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Infested Planet (produced by Rocket Bear Games) is a game about a squad of soldiers invading a planet infested with an alien species, and whose job it is to try and wipe them out. Each level begins with your elite team of soldiers landing in an area, with a small base set up. From here it is your duty to guide them through a maze of tunnels in the hope of destroying all enemy bases to win the level. As soon as you land however, the Aliens are on top of you and you will need to plan wisely and prioritize where you can as the aliens descend in swarms around your base.

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Each level is set in a nicely rendered 2D plan view map, and there are no tricky images to understand as everything is nice and clear. The games visuals remind me of one of those planet invasion flash games. You know the ones that feel more like a maths exam, where there is a planet with a value of 10, and so you need to send an army with a value of 11 to conquer it. Well, the maps look like that, with nice near circular bases for both you and the aliens, and as the swarms of alien monsters begin to descend on your bases and men, they even begin to look like those sorts of games. The aliens and soldiers feature a wonderful colour palette, with your soldiers changing colour as they upgrade and even the aliens get a nice patchwork of colouring too.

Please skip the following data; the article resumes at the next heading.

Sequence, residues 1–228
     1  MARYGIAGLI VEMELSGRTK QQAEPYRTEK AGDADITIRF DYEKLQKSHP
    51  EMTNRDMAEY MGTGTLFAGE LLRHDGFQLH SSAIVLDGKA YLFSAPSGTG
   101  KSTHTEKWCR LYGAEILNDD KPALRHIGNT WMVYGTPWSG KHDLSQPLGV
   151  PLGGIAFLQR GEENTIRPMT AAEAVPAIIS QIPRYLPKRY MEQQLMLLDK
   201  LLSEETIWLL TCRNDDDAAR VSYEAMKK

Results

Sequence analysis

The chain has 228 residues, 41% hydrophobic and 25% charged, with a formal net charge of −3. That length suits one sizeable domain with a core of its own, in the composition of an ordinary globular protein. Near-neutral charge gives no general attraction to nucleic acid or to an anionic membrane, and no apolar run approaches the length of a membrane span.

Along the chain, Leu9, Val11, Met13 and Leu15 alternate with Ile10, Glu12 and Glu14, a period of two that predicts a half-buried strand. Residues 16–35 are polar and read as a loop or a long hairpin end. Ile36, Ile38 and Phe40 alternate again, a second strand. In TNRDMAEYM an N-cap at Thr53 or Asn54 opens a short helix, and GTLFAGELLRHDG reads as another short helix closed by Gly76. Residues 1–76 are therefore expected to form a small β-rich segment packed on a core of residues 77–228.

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The main way you play is by guiding your soldiers around the map, attacking bases and taking them over, bit by bit extending your reach. You will be offered times to upgrade while in the battlefield, upgrading your soldiers to different classes, while also being offered opportunities to drop supplies in and even call in helicopter strikes. It’s kind of similar to opportunities offered in Enemy Territory: Quake Wars (which I have still yet to play). These upgrades however do not make the game any easier as the aliens can mutate as their bases get destroyed, and just because you have claimed a base does not make it safe, as the aliens can and will attack them, destroying them and converting the land back to their side. They will even take control of you gun turrets given half the chance.